In a 2001 Refuge Notebook I described a study of lake sediments at Jigsaw Lake which indicated that the lake level was roughly 40 feet lower about 8,000 to 10,000 years ago. This was a very surprising discovery. The central Kenai Peninsula would have to be very dry to lower any lake by 40 feet.
We are now revisiting Jigsaw Lake with some new technology that should allow us to reconstruct the history of this remarkable lake since the end of the last ice age.
Jigsaw Lake is located at the end of Swan Lake Road, 17 miles northeast of Sterling. Like most lakes on the Kenai, Jigsaw Lake is a kettle lake. It began life as a block of glacial ice imbedded in sands and gravels derived from the melting ice sheet that had flowed out across the Kenai Lowlands from the Kenai Mountains. This ice sheet did not pull back like modern valley glaciers, but simply fell apart with the rapid warming that started after the last glacial maximum 23,000 years ago. By 19,000 years ago the area from Sterling west to Cook Inlet was mostly ice-free. There would be a three more shorter and shorter re-advances of the glacier ice sheet during the next 5,000 years, but they would not reach as far as Sterling and Jigsaw Lake.
Jigsaw Lake is a closed-basin (no outlet) lake with a small watershed perched on the drainage divide between the Moose River to the south and the Swanson River to the north. Because it has no streams for input, the lake is fed entirely by local precipitation via groundwater and spring snowmelt. This relatively "high and dry" position above the regional water table means that the lake level is very sensitive to the local climate, especially to changes in precipitation. Lakes downslope in the regional drainage have the groundwater table above them (upstream, so to speak) which acts like a buffering reservoir to keep their lake water levels relatively constant, whereas Jigsaw Lake has no such buffer.
Indeed, the exposed shore apron around the lake indicates that the water level has fallen several feet in the last decade or so, with drier and warmer summers.
During June a team of geologists has been making seismic profiles of Jigsaw Lake and taking many sediment core samples. The seismic profile equipment is mounted on a canoe; it is basically like a high-class fish finder, bouncing sound waves off the lake bottom and sediment layers.
The seismic profile shows two distinct buried shorelines that were formed when the water was roughly 28 feet and 5 feet lower.
The most remarkable story, however, comes from the lake sediment cores, which reveal that the lake basin was once dry enough to be a muskeg that accumulated 1 to 2 feet of peat. The bottom of the peat layer varies from 6 to 45 feet below the present water level, indicating that water was down at least 45 feet when the muskeg plants (mostly brown mosses and Sphagnum peat moss) were growing.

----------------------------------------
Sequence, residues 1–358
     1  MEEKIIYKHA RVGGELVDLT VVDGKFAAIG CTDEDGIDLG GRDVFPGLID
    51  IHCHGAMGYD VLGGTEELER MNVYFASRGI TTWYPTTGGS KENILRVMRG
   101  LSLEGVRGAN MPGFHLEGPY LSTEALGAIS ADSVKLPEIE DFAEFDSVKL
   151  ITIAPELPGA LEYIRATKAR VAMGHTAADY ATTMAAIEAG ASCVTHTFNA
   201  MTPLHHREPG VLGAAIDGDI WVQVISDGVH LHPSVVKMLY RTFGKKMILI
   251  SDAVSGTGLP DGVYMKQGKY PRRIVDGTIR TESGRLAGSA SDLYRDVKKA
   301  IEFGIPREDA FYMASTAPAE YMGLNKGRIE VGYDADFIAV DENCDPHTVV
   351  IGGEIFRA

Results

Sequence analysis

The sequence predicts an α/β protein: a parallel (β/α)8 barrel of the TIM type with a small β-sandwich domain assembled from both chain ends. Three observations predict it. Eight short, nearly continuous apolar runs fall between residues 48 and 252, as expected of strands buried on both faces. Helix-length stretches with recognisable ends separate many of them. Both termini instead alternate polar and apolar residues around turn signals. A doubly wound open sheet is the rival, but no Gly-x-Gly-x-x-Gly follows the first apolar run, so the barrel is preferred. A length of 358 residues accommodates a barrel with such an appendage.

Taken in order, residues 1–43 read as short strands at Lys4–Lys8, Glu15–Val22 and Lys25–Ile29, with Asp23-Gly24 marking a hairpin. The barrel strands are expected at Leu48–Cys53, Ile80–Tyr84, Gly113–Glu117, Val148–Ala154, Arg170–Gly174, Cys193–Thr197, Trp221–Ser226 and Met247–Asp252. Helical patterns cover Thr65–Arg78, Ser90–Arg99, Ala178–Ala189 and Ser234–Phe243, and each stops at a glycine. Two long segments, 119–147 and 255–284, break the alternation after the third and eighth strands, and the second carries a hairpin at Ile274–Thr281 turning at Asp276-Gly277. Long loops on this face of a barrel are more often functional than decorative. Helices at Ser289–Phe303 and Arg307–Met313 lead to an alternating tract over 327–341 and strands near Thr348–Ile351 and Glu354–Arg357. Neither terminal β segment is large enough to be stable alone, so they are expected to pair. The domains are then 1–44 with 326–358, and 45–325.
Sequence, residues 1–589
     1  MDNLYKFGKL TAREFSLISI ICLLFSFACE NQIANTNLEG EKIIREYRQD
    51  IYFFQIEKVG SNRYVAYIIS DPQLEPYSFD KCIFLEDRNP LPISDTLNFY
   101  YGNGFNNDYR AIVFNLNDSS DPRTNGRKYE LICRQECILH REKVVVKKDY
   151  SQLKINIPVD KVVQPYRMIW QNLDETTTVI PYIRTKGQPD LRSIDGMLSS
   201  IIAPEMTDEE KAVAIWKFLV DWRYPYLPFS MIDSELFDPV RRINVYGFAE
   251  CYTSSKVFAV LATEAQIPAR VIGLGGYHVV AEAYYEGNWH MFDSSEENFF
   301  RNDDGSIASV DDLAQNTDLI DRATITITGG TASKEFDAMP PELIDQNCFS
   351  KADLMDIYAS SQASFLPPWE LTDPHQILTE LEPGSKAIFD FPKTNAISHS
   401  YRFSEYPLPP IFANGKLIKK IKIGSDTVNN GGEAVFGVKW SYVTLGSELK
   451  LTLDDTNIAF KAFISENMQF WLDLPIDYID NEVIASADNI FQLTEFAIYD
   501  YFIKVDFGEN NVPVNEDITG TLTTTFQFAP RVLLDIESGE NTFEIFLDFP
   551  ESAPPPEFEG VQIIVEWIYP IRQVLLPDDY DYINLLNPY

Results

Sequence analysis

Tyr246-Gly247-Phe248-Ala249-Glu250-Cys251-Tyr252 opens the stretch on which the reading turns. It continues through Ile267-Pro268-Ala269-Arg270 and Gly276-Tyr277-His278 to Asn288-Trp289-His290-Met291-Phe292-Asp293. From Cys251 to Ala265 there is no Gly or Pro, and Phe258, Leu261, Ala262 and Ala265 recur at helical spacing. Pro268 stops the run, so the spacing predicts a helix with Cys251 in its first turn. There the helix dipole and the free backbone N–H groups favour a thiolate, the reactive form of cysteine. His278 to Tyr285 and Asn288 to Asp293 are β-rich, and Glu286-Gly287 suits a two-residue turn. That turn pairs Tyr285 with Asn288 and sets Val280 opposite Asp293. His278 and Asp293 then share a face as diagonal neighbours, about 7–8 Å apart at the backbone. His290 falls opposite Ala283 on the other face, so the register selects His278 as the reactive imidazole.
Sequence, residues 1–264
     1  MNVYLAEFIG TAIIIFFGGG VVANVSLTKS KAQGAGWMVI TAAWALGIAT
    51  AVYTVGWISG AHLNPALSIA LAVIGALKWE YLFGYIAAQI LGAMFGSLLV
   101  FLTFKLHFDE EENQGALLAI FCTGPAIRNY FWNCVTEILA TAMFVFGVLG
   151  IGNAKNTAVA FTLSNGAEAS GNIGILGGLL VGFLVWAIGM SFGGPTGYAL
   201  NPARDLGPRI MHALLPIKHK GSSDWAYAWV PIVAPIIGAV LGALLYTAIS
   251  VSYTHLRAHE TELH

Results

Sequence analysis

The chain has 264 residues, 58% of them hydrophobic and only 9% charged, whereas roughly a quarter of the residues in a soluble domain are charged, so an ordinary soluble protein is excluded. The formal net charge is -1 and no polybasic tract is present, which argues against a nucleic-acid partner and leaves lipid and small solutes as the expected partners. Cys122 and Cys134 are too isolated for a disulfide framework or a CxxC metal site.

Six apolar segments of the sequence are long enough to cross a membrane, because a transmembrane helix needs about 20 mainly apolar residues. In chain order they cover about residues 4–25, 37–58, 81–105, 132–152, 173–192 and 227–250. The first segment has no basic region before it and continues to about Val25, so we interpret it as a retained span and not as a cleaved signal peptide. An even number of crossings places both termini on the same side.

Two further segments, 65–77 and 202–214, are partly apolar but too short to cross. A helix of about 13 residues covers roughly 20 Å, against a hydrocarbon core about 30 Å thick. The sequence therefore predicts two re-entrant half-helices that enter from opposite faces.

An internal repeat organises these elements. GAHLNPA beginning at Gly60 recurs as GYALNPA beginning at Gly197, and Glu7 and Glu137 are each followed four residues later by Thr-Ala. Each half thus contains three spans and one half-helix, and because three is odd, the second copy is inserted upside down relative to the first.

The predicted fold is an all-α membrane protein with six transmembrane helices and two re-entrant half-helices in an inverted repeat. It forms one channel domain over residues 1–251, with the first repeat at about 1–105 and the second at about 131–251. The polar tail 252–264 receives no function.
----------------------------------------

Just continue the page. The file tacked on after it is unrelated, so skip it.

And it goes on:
A radiocarbon date on the bottom of this peat in the 2001 study yielded a date of 9,550 years (calibrated). We will get more radiocarbon dates, both at the top and bottom of the peat layer in different cores to estimate how long the water level was low enough to grow terrestrial vegetation.
The lower buried shoreline -- at 28 feet down -- was formed after the muskeg flooded and lake sediments were being laid down. Hopefully we can find organic materials in the lake sediments which will give us a date on the time when the lower shoreline was eroding and shedding sediments into the basin.
Curiously, we also see an old wave-cut shoreline running around the lake at a height of about 8 feet above the present water level. It is back in the woods and only noticeable when you are entering or leaving the lake basin. This steep scarp represents the highest water level or wettest period in the history of the lake. Erosion features like this are inherently difficult to date because the evidence has been removed, not deposited.
Because the scarp is steep we infer that the period of erosion lasted a long time. The eroded soil pretty well had to go into the lake basin, unless it was blown away, which seems unlikely. Radiocarbon dates on sticks and other organic materials in the lake sediments may provide evidence for the timing of the scarp erosion.
In the final week of the study the geologists profiled and cored the southern basin of the lake, which became detached as a separate lake when the water level fell in the 1990s. This basin also has a peat layer buried beneath lake sediments, indicating that the water level was similarly drawn down many feet below the modern lake level, presumably at the same time as in the main basin, which we will confirm with additional radiocarbon dates.
Professor Greg Wiles from the College of Wooster, Ohio and Professor Tom Lowell from the University of Cincinnati are leading the geology crew, assisted by undergraduates Alena Giesche from Middlebury College in Vermont, Terry Workman from Wooster, and Jessa Moser from U-Cincinnati. Funding is from the National Science Foundation through the Keck Geology Consortium and the U.S. Fish and Wildlife Service.
Ed Berg has been the ecologist at the Kenai National Wildlife Refuge since 1993
Previous Refuge Notebook articles can be viewed on the refuge Web site at http://kenai.fws.gov/. You can check on new bird arrivals or report your bird sighting on the Kenai National Wildlife Refuge Birding Hotline at 907-262-2300.
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